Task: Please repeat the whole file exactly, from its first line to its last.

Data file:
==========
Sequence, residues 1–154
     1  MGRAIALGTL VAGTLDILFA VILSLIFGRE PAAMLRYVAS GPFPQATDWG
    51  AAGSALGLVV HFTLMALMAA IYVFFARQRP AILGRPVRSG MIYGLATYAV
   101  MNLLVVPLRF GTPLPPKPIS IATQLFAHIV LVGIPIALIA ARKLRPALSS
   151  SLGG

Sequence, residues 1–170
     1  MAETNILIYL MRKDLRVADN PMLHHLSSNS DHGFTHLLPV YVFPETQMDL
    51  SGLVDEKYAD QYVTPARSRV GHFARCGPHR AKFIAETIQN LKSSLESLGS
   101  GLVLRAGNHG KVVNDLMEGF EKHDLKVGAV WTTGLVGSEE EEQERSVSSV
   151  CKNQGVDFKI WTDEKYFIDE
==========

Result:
Sequence, residues 1–154
     1  MGRAIALGTL VAGTLDILFA VILSLIFGRE PAAMLRYVAS GPFPQATDWG
    51  AAGSALGLVV HFTLMALMAA IYVFFARQRP AILGRPVRSG MIYGLATYAV
   101  MNLLVVPLRF GTPLPPKPIS IATQLFAHIV LVGIPIALIA ARKLRPALSS
   151  SLGG

Sequence, residues 1–170
     1  MAETNILIYL MRKDLRVADN PMLHHLSSNS DHGFTHLLPV YVFPETQMDL
    51  SGLVDEKYAD QYVTPARSRV GHFARCGPHR AKFIAETIQN LKSSLESLGS
   101  GLVLRAGNHG KVVNDLMEGF EKHDLKVGAV WTTGLVGSEE EEQERSVSSV
   151  CKNQGVDFKI WTDEKYFIDE